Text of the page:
Women who received the one-on-one and group skill-building interventions reported a greater proportion of condom use during sexual intercourse in the previous 3 months compared with women who received the information interventions at 3-month follow-up, and compared with women who had received either the information interventions or the health control intervention at 12-month follow-up. When asked specifically about the last time they had sexual intercourse, women who received the skill-building interventions were more likely to report using a condom compared with those who received the health-control intervention at 3-month, and compared with either the health control intervention or the information intervention at 12-month follow-up. Skill-building intervention participants also reported less unprotected sexual intercourse than did the information intervention or health-control intervention participants at 3-month follow-up and the information intervention participants at 12-month follow-up. None of the contrasts was statistically significant at 6-month follow-up.
Although there were no differences at 6-month follow-up, women who had received the skill-building interventions were significantly less likely to test positive for an incident STI at 12-month follow-up than were those who received the health control intervention. In addition, the women who received the one-on-one skill intervention were less likely to test positive for an STI than were health control women at 12-month follow-up.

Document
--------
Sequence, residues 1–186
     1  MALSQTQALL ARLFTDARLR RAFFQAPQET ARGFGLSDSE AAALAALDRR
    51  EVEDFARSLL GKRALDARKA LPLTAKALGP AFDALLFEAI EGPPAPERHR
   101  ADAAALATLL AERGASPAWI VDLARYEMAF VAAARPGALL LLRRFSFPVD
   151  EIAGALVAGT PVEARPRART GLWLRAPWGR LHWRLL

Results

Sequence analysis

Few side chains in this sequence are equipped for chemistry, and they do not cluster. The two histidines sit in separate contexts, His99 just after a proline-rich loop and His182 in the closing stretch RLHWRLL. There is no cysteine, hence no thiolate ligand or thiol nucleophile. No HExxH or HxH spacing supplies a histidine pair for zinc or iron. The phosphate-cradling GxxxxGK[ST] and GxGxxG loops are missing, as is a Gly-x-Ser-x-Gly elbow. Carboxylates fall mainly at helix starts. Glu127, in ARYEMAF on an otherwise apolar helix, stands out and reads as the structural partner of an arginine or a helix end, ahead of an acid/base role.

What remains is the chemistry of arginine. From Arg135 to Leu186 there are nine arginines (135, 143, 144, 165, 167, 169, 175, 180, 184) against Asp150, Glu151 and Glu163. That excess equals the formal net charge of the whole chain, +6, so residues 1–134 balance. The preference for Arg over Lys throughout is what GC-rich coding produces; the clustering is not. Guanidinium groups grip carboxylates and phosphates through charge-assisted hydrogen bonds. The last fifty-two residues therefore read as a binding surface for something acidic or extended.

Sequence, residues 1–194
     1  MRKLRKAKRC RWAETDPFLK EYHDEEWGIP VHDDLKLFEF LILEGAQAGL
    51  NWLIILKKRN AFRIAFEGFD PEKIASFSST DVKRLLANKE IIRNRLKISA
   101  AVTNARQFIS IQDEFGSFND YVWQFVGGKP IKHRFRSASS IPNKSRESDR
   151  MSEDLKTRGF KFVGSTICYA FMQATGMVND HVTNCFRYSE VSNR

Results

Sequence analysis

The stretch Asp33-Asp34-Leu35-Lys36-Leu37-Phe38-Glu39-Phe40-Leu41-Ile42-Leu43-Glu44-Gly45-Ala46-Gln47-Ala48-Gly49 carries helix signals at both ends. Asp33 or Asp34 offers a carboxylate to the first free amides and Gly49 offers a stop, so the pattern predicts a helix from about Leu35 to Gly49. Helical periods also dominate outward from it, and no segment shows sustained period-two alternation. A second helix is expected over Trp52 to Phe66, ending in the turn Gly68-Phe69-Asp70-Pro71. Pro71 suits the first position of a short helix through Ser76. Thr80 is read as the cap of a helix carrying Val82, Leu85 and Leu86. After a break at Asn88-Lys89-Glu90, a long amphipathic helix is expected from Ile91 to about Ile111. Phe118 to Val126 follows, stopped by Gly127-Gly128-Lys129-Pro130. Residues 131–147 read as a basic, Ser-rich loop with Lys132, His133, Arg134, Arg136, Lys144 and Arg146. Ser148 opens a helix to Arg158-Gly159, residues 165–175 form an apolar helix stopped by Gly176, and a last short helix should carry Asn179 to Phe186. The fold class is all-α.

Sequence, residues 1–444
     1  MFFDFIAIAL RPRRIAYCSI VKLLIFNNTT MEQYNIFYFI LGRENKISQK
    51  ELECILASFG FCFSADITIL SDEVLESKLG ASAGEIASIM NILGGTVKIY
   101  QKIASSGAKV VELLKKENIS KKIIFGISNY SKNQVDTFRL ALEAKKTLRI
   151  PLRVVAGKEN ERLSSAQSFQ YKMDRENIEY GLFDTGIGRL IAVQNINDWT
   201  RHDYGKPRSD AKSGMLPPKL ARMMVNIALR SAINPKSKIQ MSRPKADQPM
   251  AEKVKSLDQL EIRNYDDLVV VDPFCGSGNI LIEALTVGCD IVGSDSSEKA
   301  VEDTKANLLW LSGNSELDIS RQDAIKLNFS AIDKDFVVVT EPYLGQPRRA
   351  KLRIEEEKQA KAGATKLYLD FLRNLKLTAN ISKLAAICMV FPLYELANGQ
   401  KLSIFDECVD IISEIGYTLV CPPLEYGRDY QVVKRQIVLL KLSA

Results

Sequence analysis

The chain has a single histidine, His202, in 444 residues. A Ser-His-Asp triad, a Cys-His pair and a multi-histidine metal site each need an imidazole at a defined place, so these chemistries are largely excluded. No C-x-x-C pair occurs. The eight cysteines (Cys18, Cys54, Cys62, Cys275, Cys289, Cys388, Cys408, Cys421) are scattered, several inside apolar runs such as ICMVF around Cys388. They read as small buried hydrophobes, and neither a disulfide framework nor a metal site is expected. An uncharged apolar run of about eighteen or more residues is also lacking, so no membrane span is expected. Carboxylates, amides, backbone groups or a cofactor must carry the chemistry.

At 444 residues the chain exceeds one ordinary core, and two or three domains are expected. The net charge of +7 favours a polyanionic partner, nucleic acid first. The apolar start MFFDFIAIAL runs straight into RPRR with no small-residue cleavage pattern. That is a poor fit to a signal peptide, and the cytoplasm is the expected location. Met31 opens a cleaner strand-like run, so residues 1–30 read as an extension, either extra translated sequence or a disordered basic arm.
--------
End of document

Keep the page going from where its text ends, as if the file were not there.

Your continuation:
The results demonstrate that culturally sensitive, theoretically grounded, skill-based interventions can reduce HIV-risk-associated sexual behavior and STIs among women. The skill interventions resulted in positive changes on mediators of condom use (hedonistic beliefs, self-efficacy and impulse control), increased self-reported consistent condom use, condom use at most recent sexual intercourse, and reduced reported days on which women had unprotected sex over the entire follow-up period compared with the control group. What the results show is that many women have the potential to be helped by intensive brief individual interventions that provide them with the opportunity for practicing condom use and sexual negotiation skills. This study, with a 12-month follow-up period and excellent retention rates, also showed that nurses are effective in changing sexual-risk-associated behavior.
Jemmott, L. S., Jemmott, J. B. & O'Leary, A. (2007). Effects on sexual risk behavior and STD rate of brief HIV/STD prevention interventions for African American women in primary care settings. American Journal of Public Health, 97 (6): 1034-1040.